In the computer networking business, there is no technology investment more iconic than Cisco Systems (NASDAQ: CSCO). In fact, the company virtually created the network equipment industry. Although Cisco has strong competitors such as Alcatel-Lucent (NYSE: ALU) and Juniper Networks (NYSE: JNPR), even its competitors would acknowledge Cisco is the big dog in the yard when it comes to technology investment.
Unfortunately, Cisco’s stock price has been a different type of dog of late — the kind of dog with a whole lot of fleas.
Over the past three months, CSCO stock is down more than -9% and just set a new 52-week low in trading early Friday. That’s very poor performance compared to ALU, which has surged an incredible 75% over the past three months. JNPR isn’t up as much as ALU, but Juniper shares have jumped 20% over the same period.
If we look at a little further back, we see that over the past 12 months CSCO has fallen more than -30%. That’s as a disaster when compared to ALU, which has soared 58%, while JNPR has climbed 45%. So, what’s next for CSCO? Will the stock continue to flounder, or will the networking giant’s shares stage a comeback? Here are the pros and cons of CSCO.
Cisco Stock Pros
Still the industry leader. Despite Cisco’s recent woes, the technology investment remains the leader in its industry, and still has a dominant market share in the network equipment space. The company has long enjoyed status as the go-to shop for large companies, and this could prove to be the difference between Cisco and its niche competitors in a rapidly changing network environment.
CEO John Chambers. Cisco’s outstanding chief executive isn’t one of those in-the-rear Generals. Rather, Chambers has been known to step in and actually close a big sale whenever necessary. One industry executive recently told me that Chambers actually likes getting on his private jet and going to shake hands on a deal. This kind of active leadership is what’s made technology investment Cisco so successful, and that spirit could help the shares stage a comeback.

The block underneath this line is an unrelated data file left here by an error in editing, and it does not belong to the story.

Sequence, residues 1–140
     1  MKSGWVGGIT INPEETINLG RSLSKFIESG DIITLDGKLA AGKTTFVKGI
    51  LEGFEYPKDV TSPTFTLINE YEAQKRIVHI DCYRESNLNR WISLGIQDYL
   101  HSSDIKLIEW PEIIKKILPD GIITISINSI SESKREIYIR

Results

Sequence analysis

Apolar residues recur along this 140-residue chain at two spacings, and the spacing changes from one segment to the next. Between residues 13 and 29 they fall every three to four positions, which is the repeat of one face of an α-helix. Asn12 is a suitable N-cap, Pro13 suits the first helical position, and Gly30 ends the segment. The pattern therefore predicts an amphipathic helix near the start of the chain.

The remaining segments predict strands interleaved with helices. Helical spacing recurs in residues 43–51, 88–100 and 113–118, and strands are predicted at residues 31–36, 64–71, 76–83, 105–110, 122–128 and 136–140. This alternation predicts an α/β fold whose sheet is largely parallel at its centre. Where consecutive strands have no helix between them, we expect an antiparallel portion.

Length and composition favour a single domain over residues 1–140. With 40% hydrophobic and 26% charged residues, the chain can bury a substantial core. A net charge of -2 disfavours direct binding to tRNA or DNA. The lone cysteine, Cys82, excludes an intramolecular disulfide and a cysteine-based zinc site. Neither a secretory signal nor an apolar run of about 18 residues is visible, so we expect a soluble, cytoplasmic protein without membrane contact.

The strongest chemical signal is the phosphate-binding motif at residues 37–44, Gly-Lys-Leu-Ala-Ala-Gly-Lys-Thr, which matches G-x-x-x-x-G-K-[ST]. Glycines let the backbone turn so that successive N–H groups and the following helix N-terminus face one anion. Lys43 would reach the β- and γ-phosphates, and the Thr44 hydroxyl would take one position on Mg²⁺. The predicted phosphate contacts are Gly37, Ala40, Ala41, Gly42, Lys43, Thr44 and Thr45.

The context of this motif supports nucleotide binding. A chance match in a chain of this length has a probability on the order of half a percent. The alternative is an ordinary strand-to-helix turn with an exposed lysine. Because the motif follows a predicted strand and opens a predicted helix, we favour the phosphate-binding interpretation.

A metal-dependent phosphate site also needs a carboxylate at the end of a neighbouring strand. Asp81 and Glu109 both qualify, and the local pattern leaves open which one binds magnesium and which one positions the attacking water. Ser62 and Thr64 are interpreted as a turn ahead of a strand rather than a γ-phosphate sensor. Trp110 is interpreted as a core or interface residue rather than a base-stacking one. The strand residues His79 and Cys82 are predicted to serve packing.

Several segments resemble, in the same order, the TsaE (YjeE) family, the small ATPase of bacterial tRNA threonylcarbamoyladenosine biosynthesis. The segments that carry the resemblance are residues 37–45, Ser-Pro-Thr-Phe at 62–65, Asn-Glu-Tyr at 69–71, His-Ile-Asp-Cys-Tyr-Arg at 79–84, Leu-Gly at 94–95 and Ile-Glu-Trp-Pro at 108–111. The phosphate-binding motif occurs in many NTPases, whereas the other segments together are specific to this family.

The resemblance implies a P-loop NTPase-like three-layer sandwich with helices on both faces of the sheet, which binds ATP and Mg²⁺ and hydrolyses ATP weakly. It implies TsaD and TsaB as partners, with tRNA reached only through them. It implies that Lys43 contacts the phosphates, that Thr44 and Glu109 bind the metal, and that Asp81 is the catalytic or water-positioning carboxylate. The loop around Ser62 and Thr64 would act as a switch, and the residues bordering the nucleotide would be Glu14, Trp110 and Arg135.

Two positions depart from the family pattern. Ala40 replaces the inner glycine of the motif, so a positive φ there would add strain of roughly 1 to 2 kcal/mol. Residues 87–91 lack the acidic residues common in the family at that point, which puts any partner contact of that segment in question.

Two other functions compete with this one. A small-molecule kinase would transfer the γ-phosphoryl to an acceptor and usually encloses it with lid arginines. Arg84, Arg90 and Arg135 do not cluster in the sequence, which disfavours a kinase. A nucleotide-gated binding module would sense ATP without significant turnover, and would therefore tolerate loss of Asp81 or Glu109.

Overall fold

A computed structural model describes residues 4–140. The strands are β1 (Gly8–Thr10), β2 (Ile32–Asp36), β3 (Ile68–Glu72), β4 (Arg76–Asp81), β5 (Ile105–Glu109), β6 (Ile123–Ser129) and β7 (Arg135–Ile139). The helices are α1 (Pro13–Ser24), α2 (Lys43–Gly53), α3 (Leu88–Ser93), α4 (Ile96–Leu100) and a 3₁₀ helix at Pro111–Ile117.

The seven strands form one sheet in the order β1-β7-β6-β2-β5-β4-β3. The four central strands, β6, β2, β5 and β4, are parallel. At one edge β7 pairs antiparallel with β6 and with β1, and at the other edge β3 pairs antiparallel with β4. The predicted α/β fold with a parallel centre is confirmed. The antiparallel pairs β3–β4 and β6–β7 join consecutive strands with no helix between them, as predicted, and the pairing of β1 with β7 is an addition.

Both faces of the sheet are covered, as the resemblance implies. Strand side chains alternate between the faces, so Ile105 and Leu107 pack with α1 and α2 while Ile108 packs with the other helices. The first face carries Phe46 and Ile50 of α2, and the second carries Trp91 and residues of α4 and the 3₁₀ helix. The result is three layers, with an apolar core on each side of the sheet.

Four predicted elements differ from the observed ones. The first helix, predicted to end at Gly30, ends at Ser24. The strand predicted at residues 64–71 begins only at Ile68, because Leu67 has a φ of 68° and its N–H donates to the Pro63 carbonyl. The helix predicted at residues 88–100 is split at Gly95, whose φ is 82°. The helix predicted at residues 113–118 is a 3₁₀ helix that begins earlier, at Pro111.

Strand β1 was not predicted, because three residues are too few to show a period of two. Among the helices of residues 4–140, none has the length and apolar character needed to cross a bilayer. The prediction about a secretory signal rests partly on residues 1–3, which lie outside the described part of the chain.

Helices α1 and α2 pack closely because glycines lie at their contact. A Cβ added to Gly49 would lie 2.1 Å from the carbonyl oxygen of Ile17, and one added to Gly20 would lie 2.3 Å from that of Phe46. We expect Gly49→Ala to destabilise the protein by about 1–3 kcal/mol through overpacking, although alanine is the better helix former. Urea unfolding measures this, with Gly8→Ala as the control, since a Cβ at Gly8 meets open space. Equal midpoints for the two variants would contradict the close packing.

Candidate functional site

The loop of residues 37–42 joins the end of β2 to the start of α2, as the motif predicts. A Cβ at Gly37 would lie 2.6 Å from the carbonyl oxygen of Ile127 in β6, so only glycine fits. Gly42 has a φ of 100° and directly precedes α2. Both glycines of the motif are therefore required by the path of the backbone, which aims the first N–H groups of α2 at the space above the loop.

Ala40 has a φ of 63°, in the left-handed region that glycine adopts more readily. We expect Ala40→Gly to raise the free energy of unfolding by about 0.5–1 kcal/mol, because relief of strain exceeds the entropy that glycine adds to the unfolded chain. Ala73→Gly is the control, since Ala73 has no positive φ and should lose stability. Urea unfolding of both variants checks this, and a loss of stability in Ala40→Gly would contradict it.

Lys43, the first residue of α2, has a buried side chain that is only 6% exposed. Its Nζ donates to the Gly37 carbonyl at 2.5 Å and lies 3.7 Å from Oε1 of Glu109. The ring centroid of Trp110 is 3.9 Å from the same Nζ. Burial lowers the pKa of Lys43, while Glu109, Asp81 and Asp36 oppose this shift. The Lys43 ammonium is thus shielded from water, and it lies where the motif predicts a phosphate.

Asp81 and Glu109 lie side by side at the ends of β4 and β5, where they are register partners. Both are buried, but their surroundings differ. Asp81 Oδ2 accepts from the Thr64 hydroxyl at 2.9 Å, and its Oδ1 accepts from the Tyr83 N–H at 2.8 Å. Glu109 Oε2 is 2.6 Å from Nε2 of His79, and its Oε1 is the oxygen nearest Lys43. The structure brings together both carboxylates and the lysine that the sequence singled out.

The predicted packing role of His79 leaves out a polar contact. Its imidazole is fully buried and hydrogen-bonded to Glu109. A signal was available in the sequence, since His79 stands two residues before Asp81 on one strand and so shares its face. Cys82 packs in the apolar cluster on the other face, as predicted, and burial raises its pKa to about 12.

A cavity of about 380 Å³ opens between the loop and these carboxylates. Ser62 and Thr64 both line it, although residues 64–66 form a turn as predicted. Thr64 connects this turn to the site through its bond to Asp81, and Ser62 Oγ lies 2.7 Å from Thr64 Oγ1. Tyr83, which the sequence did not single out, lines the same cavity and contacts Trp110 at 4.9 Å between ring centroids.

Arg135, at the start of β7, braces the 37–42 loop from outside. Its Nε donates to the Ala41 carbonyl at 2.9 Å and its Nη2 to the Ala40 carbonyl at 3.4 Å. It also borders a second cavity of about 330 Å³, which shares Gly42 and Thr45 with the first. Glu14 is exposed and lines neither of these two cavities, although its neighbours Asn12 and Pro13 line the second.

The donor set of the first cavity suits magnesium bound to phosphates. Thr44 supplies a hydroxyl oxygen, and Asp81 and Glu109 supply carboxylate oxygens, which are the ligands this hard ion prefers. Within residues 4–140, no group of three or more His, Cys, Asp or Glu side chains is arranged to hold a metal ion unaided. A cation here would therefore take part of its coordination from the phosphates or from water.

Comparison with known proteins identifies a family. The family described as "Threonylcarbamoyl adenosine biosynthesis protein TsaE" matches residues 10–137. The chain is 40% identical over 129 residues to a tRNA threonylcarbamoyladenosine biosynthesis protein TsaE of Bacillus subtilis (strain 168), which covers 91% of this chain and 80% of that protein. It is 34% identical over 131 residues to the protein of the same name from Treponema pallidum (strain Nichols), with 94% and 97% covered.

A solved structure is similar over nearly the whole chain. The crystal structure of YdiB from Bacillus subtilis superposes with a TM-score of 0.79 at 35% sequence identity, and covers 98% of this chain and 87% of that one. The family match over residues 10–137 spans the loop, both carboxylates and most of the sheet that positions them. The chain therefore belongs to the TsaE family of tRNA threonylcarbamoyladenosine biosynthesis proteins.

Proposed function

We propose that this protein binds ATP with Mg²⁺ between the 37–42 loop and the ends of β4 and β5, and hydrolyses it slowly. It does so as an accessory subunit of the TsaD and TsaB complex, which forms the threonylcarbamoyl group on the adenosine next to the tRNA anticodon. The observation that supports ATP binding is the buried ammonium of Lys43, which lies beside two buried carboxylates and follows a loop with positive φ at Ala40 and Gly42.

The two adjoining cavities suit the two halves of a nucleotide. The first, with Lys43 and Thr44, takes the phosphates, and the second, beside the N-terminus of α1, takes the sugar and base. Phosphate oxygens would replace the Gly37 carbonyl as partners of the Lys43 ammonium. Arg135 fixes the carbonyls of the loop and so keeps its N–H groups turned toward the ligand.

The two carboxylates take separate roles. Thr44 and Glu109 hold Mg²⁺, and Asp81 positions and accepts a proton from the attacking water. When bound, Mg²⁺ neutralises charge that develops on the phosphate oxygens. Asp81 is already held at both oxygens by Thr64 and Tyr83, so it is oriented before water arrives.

Bargain shoppers’ delight. After sustaining such a big hit over the past year, CSCO may just be ready for a bounce. Bargain-hunting value players are liable to see the shares as a buy, especially if they continue languishing at current levels.
CSCO Stock Cons
Poor earnings performance. Cisco’s most recent earnings report was a big disappointment. Although the company reported a 6% year-over-year revenue increase in its fiscal second quarter, and adjusted earnings per share that beat expectations, it also warned Wall Street about slow growth ahead. CEO Chambers said he expected revenue for fiscal Q3 rise 4% to 6%. That’s far below last summer, when revenue rose 27%. That number also is lower than Cisco’s long-term growth target of 12% to 17%.
Losing government customers. When your biggest customers are in fiscal trouble, you’re in trouble. Late last year, Cisco warned that sales to government customers were dropping off, and Chambers recently told analysts that this trend was continuing. As many U.S. states continue struggling with big budget shortfalls, Cisco is likely to see this customer base shrivel up even further.
That pesky competition. We’ve already seen Cisco’s relative problems in terms of share price compared the competition. Well, on the fundamental front, the competition continues taking a bite out of Cisco. For example, Juniper Networks reported that sales grew 26% in the fourth quarter, blowing away Cisco’s growth. Many industry analysts think 2011 will be Juniper’s breakout year, as the company embarks on an aggressive expansion campaign that’s directly at Cisco, and that’s designed to leverage the technological push toward so-called “cloud computing.”
The Verdict on Technology Investment Cisco…
Although I never like to bet against a proven winner like Cisco and its über-competent CEO John Chambers, it certainly seems as though Wall Street has put CSCO shares in a the bear’s lair. Until the stock can show some signs of renewed life, I think the verdict has to go to the cons.
At the time of this writing, Jim Woods had no positions in any of the securities mentioned here.
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